Two staffers quit Rosie Duffield's team over 'transphobia' row
Image courtesy of: UK Parliament
Two Canterbury Labour Party staff members have quit over allegedly transphobic comments made by Rosie Duffield over Twitter in recent months.
Criticism of the Labour MP have become more vocal since August, when she tweeted: “Am I transphobic for knowing only women have a cervix?."
The LGBTQ+ news website PinkNews reported that two female staffers from Rosie Duffield’s team quit in the last couple of months, calling Duffield’s comments “overtly transphobic” and “detrimental to the welfare of the trans community”.
In response to Pink News, who published this story with the help of LGBT Labour, Rosie Duffield said: “Yet more absolute rubbish written about me by LGBT Labour and Pink News as part of their daily/weekly onslaught.”
She further went on to reveal the identity of one her staffers on Twitter and give identifying details about the other.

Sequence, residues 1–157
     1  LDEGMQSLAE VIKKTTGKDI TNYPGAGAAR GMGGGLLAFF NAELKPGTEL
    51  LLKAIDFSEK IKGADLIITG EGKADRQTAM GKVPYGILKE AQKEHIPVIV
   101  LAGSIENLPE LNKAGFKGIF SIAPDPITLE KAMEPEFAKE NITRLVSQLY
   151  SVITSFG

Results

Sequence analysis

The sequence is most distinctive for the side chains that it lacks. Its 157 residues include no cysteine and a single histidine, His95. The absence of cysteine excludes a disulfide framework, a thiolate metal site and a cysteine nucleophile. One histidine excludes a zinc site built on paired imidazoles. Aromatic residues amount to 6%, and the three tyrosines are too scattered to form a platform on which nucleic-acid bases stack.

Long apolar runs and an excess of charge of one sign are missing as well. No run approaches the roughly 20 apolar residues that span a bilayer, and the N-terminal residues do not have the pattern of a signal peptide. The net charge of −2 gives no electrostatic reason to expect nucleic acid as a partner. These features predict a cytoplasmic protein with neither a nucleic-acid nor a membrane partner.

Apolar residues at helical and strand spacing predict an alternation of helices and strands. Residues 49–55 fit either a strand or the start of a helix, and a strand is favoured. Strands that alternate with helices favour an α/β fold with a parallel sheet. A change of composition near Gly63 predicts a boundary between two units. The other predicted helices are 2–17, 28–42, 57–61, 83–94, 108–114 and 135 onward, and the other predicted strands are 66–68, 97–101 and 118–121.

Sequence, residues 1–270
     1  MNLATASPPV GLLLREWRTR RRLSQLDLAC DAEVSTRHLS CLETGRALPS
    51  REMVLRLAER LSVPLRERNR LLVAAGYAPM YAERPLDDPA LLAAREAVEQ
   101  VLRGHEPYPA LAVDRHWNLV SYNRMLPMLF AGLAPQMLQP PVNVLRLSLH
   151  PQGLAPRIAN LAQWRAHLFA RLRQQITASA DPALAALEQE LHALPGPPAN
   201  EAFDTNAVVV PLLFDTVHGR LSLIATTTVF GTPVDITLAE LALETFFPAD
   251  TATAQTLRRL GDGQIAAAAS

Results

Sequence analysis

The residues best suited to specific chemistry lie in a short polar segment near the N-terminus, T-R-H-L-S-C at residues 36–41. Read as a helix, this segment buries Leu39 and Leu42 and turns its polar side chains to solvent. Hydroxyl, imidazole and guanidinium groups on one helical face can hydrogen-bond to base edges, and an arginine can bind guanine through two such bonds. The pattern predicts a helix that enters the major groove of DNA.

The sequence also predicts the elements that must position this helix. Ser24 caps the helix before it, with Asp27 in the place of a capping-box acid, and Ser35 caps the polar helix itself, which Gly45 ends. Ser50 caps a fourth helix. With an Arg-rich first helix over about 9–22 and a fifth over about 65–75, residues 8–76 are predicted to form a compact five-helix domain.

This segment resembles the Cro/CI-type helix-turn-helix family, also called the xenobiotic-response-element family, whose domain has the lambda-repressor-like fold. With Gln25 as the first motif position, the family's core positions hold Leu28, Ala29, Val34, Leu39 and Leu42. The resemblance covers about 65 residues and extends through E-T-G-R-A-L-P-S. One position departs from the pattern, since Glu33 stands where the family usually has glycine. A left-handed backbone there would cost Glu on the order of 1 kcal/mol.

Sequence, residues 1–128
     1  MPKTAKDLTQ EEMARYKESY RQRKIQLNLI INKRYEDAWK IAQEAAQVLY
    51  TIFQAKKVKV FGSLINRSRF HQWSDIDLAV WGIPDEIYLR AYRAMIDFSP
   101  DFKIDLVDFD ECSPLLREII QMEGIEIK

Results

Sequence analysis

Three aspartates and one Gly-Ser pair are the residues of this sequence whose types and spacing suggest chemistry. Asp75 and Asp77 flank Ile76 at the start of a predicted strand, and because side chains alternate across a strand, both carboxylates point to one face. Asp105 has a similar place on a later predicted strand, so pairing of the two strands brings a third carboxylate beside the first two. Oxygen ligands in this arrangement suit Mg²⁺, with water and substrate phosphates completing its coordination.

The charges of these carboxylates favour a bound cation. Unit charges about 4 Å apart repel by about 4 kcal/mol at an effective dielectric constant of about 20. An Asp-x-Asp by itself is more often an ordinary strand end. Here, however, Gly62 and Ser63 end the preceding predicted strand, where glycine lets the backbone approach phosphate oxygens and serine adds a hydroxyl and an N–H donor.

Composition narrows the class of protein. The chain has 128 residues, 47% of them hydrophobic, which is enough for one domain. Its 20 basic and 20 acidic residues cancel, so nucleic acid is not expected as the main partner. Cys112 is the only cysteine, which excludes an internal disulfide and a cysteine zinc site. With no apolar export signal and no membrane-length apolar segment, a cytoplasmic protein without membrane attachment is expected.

Both spoke to Pink News on the condition of anonymity.
In the article published by the LGTBQ news website, one staffer said: “It is tedious and unedifying to watch you claim that you are being bullied or victimised by trans Labour members, young activists, and even the co-chair of LGBT Labour.
“I think you will ultimately find the adulation of people with JK Rowling hashtags in their bios proves hollow succour.”
The Deputy Leader of the Labour Party, Angela Rayner, also spoke out about Duffield, suggesting she ought to “reflect” on her comments.
Duffield’s behaviour has not been subject to an investigation by the party, despite the chair of LGBT Labour condemning her.
Duffield was previously a Labour Party Whip, before resigning from the frontbench in May after being found to have broken lockdown three times to meet a lover.
Earlier this month, Duffield liked a tweet from anti-trans campaigner Maya Forstater that branded the Law Society’s guidance on transition in professional settings as “celebrating cross dressers in the office”.
She also appeared in an interview with The Times, in which she called the criticism “base, pure misogyny” and complained of being silenced by her detractors.
In response to Duffield’s comments, both the General Secretary of Canterbury Labour and the Canterbury Youth Labour Chair resigned their positions.